Portable Blood Analyzer Could Improve Anemia Detection Worldwide

Close-up view of the optical analyzer.
Credit: Nikita Taparia,
University of Washington
About one quarter of the world's population suffers from anemia, a disease caused by a concentration deficiency of hemoglobin in red blood cells. Hemoglobin transports oxygen throughout the body, and if the concentration decreases and body becomes starved of oxygen, it often result in dizziness, fatigue, shortness of breath and abnormal heart rate. Severe cases can even lead to increased maternal and child mortality, as well as impair cognitive and physical development in children.

To reduce the burden, health officials need a better picture of the disease's global impact, an understanding made viable by a portable and affordable way to analyze blood. Researchers at the University of Washington developed a device smaller than a toaster that can detect the level of hemoglobin in whole blood samples using optical absorbance. The work is published in AIP Advances.

Blood analyzers currently on the market measure hemoglobin by chemically rupturing the red blood cells in a sample. This technique requires hands-on expertise to prepare and run a sample, limiting the ability to monitor anemia in many parts of the world. The new device uses whole blood and does not require additional steps and reagents to prepare a sample, only a few drops of blood.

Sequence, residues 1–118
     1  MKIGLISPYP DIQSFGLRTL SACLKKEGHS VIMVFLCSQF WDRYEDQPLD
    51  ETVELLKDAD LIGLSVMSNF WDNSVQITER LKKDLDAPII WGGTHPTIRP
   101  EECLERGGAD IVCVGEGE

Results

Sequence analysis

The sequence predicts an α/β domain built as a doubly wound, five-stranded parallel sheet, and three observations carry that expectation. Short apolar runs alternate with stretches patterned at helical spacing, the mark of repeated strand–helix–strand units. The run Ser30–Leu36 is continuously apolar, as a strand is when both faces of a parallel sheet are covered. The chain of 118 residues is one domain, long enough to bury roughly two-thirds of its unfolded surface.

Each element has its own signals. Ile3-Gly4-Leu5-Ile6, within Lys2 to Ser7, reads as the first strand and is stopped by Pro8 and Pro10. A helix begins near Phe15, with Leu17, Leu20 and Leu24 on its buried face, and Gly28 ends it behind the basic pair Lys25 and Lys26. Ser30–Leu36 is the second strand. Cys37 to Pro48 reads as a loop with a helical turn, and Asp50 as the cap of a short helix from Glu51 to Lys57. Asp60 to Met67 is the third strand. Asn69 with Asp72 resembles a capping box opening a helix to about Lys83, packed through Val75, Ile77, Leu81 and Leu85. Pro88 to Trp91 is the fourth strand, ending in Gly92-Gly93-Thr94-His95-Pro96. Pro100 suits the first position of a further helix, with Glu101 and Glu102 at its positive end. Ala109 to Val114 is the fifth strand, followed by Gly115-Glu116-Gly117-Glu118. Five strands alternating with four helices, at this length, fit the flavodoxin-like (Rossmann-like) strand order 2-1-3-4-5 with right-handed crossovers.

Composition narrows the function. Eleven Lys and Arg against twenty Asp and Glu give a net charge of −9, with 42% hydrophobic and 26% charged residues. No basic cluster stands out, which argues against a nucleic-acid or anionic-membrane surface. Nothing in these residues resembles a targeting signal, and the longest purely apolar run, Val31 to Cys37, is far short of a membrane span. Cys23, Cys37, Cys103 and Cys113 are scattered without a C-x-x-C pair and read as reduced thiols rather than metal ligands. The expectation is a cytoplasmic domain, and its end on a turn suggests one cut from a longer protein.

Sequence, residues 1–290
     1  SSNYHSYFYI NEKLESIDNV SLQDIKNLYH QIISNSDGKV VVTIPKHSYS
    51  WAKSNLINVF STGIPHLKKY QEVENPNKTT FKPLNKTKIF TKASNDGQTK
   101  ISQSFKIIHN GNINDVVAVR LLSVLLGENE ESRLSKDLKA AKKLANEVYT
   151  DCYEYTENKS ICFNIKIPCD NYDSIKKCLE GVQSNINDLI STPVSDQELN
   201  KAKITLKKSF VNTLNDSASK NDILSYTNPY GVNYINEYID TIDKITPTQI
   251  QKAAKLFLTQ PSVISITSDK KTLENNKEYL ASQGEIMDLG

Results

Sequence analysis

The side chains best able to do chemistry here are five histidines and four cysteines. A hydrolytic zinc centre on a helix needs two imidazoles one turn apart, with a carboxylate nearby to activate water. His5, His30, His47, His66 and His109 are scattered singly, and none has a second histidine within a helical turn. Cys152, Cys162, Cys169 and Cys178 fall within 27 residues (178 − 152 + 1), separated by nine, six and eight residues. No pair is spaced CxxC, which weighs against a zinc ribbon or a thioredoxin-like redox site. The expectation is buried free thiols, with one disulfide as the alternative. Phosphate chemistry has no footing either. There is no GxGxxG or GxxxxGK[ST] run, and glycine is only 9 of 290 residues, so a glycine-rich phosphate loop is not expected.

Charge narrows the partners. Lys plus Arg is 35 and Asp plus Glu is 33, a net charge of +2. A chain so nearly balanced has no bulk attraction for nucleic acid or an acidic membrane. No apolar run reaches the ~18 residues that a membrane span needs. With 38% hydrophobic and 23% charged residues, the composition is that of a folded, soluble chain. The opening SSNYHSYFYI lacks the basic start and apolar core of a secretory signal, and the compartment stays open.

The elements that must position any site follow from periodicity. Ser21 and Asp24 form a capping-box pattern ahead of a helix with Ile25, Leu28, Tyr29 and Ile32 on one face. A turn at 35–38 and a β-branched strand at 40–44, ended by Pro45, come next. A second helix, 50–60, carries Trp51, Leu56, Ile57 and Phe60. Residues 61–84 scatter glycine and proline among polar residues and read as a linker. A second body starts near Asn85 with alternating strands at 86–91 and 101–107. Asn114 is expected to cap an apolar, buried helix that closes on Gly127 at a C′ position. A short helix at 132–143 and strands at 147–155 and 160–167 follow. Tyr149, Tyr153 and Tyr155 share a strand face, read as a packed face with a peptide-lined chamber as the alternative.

The analyzer takes advantage of the optical properties of blood, such as absorption and scattering, to measure hemoglobin concentration. Anemic blood transmits more light compared to normal blood, so the severity of anemia can be measured as a ratio of transmitted to original light intensity.

To simulate anemia, the researchers diluted blood samples with a buffer solution. The blood analyzer was effective at predicting cases of moderate to severe anemia, defined as less than 10 grams per deciliter of hemoglobin in a sample. The analyzer did not produce any false negative results.

The optical density of samples did not increase linearly, so a higher concentration of hemoglobin defines the upper limit of detection for the device.

The current design is a prototype that could be integrated with other microfluidic devices to analyze whole blood samples in parallel to diagnose anemia and other underlying factors that could contribute to the disease.